UThrift: UM’s mobile thrift store

Sofia Mesa, a member of ECO Agency's Green Committee, explains UThrift to an interested student during the Wednesday Farmer's Market. Photo credit: Natalia Rovira

One of the Green Committee’s newest initiatives, UThrift, seeks to help students reuse and recycle clothes instead of just cans.

Last year, sophomore international studies and French double major Nika Seider established UThrift–a mobile thrift store where students exchange their old items of clothing for new ones, or at least clothes that are new to them. For every item students donate to UThrift, they can take home a bonus piece of clothing for free, one that someone else donated.

UThrift is meant to help students reduce their participation in the fast-fashion industry, which often uses large amounts of water and contributes to air and water pollution. Reusing items that have already been made reduces the demand for new clothes and gives less power to companies with unsustainable environmental practices.

Additionally, this program helps to reduce waste by preventing clothes from being thrown away and ending up in landfills. Instead, UThrift provides students with a sustainable way to dispose of unwanted clothing.

“UThrift was started because we want to encourage the reusing of items,” said ECO-rep Sofia Mesa, a freshman double majoring in English and ecosystem science and policy. “Before people throw things away, we hope they can give it to us and then maybe there’s someone else out there that can use it.”

Mesa said she joined the UThrift initiative partially out of a personal love for thrift shopping but also because she felt overwhelmed by materialism.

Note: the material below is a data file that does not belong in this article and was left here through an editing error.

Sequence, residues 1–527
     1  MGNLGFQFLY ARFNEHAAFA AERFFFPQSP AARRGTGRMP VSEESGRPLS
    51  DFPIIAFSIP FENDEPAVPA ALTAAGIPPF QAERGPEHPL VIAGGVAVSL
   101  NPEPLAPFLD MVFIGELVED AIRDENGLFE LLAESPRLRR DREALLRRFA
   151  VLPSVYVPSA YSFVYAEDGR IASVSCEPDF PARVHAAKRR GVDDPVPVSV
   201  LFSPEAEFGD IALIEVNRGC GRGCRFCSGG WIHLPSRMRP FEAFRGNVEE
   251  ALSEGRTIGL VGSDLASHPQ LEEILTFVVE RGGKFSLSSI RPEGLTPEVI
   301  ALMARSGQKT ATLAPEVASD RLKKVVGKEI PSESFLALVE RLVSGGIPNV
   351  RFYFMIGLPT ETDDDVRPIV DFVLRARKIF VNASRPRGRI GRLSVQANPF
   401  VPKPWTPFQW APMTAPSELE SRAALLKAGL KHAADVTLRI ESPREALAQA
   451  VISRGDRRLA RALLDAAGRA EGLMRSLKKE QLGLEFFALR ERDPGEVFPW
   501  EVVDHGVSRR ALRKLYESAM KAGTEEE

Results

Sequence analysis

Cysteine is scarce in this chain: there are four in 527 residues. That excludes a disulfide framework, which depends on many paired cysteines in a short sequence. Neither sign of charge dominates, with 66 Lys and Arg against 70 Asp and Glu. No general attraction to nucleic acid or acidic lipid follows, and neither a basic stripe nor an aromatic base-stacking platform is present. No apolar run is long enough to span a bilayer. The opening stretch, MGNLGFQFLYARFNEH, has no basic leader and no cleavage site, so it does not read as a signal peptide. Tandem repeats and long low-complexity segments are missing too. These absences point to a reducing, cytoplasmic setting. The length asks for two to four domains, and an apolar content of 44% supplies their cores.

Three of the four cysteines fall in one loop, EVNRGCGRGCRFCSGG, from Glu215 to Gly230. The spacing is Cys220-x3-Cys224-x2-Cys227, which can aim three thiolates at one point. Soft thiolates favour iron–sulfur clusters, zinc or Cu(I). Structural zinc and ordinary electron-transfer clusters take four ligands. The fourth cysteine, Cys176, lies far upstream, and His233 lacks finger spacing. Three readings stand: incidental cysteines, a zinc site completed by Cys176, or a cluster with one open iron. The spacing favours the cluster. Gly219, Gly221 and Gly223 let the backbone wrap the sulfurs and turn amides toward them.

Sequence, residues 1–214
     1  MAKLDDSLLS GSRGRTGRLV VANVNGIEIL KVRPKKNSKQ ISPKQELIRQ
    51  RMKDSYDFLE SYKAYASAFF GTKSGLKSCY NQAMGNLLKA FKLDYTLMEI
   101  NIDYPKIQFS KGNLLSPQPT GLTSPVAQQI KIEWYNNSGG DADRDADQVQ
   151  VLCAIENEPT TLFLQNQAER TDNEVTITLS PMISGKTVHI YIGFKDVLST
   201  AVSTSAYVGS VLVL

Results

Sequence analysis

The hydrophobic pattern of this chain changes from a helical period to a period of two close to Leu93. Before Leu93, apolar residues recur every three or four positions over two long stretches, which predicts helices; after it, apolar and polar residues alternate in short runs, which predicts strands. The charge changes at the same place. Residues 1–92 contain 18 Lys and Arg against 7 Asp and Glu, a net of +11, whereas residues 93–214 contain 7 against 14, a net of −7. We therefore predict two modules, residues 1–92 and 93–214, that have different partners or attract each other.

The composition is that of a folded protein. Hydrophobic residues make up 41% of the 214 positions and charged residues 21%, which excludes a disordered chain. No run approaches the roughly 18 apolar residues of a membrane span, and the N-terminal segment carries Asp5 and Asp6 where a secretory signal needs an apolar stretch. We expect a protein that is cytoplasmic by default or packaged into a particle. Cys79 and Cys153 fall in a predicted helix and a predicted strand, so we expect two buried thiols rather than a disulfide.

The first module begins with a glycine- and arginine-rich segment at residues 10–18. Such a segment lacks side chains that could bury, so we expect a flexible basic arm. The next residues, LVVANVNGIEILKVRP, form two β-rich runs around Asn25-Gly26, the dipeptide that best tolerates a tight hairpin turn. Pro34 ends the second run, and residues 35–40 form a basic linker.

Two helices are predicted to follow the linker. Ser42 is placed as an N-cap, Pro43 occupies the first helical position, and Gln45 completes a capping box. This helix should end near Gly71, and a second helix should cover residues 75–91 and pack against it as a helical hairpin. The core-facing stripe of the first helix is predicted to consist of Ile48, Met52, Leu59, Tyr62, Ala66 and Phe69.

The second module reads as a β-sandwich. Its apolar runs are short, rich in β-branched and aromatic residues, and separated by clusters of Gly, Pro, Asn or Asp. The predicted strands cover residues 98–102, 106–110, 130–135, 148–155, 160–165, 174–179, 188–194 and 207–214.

“It’s nice to cut down and just keep things that you really, really love, to cut off all the extra stuff,” said Mesa, who works with the student government’s Green Committee. “Surprisingly, we get a lot of designer brands. We were just looking at a pair of Kate Spade shoes and we had a Vince Camuto striped shirt a little while ago too.”

Although clothes are its focus, UThrift hosts a wide variety of other tradable items, including shoes, books, and even office supplies.

UThrift will take anything that’s clean and in good condition, but the organizers make sure not to throw away anything, even items that don’t meet their standards. They donate them to other thrift stores so those items have the chance to be used by someone else, Mesa said.

Students can find the UThrift stand at the farmers market every Wednesday from 11:30 a.m. to 2:30 p.m. UThrift also accepts drop-off donations in the student government ECO office at any time throughout the week. Mesa said her team, which also includes students Bhargavi Pochi and Jessica Nussbaum, is working on setting up donation bins around campus.